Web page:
Sunday, May 2, 2010

"Monasticism as it existed in the 20th century is dead."

That obituary is from Fr. Hugh Feiss, OSB, of Ascension Priory in Idaho. It is from "Reconfiguring Monastic Life," an article he wrote for the March 2010 edition of the American Benedictine Review.

Ascension is one of several "fragile" communities under review by Benedictine superiors. Another is Blue Cloud Abbey in Marvin, South Dakota. Brother Benet from Blue Cloud was in Sioux Falls tonight, meeting with lay Oblates of the Abbey. He read some of Fr. Feiss' article for the group, which meets at my parish.

The statistics show many monastic communities aging and declining. Ascension's monks have a median age of 70, there are no professed brothers under 55, and the youngest man exploring monastic life is 50.

Most men who come to investigate the religious life are older, and increasingly lack grounding in Catholicism. Bro. Benet noted that new men at Blue Cloud routinely require a basic Catholic Catechism course.

At the same time, Oblate groups (lay people who enter into a spiritual association with a religious community) continue to grow. Feiss' article shares one effort to envision a residential Oblate community, where men, women, married couples and single people would live a Benedictine life style on the monastery's grounds.

Fr. Feiss is up front about the difficult practical questions that come up and, in most cases, nip the idea in the bud. Will children be allowed? Pets? Vehicles? Protestants?

Bro. Benet mentioned one community in Texas that has achieved this model, with the Oblate community collectively running a farm.

There are a few exceptions to these trends and questions. Some monasteries have increased visitors and vocations by becoming more traditional in their monastic routines and disciplines.

Fr. Feiss ends his article on a hopeful note, affirming that monasticism has rolled with change throughout the centuries, always building on the ancient practices of prayer while seeking innovative ways to establish communities.

It was an enlightening and challenging evening, and I was honored to listen in. The monks face challenges very much like those in mainline Christian denominations. Answers that benefit one group may well help the other.


Anonymous said...

Maybe they should check out what the Orthodox Churches are doing.

David Handy+ said...

I'm glad to hear that you have a group of Benedictine Oblates meeting at the church, Tim. I used to be an Associate of the Society of St. John the Evangelist (commonly known as the Cowley Fathers) for a number of years and found their Rule of Life for Associates quite helpful as a way of imparting more discipline and vigor to my practice of the classic spiritual disciplines.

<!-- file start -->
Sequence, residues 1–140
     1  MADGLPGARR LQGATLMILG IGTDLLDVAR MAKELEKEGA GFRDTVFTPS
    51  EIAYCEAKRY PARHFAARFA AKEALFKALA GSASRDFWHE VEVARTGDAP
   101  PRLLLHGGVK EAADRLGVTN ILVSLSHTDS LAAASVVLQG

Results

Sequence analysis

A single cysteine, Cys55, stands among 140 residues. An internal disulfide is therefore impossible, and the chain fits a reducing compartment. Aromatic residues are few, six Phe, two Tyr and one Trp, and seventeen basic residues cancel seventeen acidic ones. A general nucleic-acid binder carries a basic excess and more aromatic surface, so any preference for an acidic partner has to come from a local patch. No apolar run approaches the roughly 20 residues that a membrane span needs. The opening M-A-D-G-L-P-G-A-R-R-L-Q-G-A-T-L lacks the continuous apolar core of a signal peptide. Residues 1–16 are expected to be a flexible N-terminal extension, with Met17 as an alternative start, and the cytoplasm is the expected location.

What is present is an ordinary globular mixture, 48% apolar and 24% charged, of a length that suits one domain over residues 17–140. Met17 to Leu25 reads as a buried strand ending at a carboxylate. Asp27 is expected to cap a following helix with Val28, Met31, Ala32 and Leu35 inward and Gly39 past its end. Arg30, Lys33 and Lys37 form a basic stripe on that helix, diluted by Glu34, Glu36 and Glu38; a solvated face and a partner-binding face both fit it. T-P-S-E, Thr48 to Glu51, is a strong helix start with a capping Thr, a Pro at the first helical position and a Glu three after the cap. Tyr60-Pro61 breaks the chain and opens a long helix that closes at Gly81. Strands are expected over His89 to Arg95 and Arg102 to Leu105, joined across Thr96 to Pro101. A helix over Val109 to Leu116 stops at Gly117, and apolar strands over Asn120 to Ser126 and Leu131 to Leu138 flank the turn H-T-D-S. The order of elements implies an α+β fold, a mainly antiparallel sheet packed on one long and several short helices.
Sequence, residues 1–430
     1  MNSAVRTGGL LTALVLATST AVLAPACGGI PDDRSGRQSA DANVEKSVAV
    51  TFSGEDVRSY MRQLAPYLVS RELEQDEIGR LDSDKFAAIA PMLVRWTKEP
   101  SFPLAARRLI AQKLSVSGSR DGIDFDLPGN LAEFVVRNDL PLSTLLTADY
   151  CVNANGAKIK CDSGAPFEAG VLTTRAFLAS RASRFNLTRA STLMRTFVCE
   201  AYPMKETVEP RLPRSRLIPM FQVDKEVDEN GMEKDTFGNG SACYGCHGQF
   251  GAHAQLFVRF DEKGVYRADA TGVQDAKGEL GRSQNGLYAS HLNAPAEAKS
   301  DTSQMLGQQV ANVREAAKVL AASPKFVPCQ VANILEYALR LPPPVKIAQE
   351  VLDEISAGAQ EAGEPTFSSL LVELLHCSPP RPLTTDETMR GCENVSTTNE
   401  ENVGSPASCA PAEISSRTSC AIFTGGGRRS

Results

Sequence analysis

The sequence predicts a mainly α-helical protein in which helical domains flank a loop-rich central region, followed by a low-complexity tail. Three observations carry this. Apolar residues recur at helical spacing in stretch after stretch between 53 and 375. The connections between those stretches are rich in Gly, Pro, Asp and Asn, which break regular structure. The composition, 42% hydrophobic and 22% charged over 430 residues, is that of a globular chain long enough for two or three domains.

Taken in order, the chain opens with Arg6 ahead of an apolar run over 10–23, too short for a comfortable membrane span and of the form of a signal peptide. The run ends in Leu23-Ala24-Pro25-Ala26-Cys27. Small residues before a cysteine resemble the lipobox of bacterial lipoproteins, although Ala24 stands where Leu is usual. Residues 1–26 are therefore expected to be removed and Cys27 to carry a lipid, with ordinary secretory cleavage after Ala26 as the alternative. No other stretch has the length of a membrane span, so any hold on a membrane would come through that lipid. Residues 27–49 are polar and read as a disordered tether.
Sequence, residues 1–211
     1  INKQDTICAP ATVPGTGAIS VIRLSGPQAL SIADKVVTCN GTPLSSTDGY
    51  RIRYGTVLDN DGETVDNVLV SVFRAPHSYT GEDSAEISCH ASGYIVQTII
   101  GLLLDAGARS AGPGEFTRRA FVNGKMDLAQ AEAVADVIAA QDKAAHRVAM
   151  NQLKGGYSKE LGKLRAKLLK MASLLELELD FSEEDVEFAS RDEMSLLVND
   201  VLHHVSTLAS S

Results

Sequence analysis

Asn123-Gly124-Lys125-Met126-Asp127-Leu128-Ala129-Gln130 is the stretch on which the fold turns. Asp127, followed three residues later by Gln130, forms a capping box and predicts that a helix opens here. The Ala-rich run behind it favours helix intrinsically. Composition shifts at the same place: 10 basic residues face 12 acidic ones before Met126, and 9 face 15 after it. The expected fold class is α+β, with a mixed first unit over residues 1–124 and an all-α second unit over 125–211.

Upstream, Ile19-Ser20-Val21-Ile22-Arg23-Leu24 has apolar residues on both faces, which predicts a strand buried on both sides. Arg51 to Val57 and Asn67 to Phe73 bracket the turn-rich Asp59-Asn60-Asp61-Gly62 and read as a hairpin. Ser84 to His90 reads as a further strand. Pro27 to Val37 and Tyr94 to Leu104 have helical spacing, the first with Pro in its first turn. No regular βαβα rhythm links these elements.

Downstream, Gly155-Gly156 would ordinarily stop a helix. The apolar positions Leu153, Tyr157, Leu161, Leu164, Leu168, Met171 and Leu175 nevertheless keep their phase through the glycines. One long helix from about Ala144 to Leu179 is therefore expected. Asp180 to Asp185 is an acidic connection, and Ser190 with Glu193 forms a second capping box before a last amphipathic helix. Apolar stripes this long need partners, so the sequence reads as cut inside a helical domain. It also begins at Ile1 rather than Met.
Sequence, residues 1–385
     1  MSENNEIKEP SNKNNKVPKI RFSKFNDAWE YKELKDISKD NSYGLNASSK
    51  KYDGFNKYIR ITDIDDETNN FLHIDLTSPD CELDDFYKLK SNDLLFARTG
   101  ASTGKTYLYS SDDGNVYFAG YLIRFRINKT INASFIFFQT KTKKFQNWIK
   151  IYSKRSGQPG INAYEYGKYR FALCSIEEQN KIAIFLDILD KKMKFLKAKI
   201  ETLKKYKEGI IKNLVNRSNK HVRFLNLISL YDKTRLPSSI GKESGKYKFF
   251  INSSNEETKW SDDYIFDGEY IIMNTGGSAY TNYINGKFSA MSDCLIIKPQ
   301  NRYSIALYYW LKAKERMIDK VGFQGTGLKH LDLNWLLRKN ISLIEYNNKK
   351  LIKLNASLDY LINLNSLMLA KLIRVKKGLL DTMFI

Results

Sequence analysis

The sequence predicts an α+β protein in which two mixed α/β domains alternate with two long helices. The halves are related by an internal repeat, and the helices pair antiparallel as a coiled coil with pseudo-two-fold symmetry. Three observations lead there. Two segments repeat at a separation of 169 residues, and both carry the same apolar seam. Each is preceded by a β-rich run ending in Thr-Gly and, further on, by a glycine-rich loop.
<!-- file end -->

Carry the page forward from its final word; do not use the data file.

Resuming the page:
Then I discovered how some members of SSJE were not only pro-gay in theology, but unchaste in their actual behavior. I quit.

But I spent 15 months in 2008-2009 living and working on staff at an evangelical retreat center called the LivingStone Monastery in Newport News, VA. A former Franciscan convent, a group of charismatic Baptists bought the facility seven years ago when the nuns moved to a quieter location, and those Baptists turned it into a residential community of disciples of Christ. There were about 20 of us living there most of the time I was there, and the majority were in their 20s and 30s. However, they made no lifetime commitment, and didn't take the traditional vows of poverty, celibacy, and obedience on even a temporary basis. Yet we did live a very simple and prayerful lifestyle. Talk about "Ora et Labora," there was lots of prayer and lots of work too, running a very active retreat center.

I mention all that just to show that while traditional monasticism is struggling, especially in the Anglican and Lutheran traditions where it's always been somewhat suspect as unProtestant, there are also innovative experiments going on too that are highly attractive to some young people. And I too am confident that new, vibrant forms of the monastic life will emerge in the 21st century.

TLF+ said...

Thanks, David+. Fr. Feiss was leaning that same way - a union of the ancient and proven disciplines with fresh forms of community.

Anonymous - type "Polamalu" in the search function of this blog (top left) and you should get my post of an article about NFL star Troy Polamalu, who coverted to Greek Orthodoxy via his marriage. He has explored their monastic tradition and speaks of it with great respect - he honors them as spiritual warriors, in fact.

David Handy+ said...

You're welcome, Tim.

And BTW, I love the picture of the owl in flight. Beautiful. But I'm curious, if it is indeed an owl, I thought they were noctural birds, yet this one is flying in the daytime...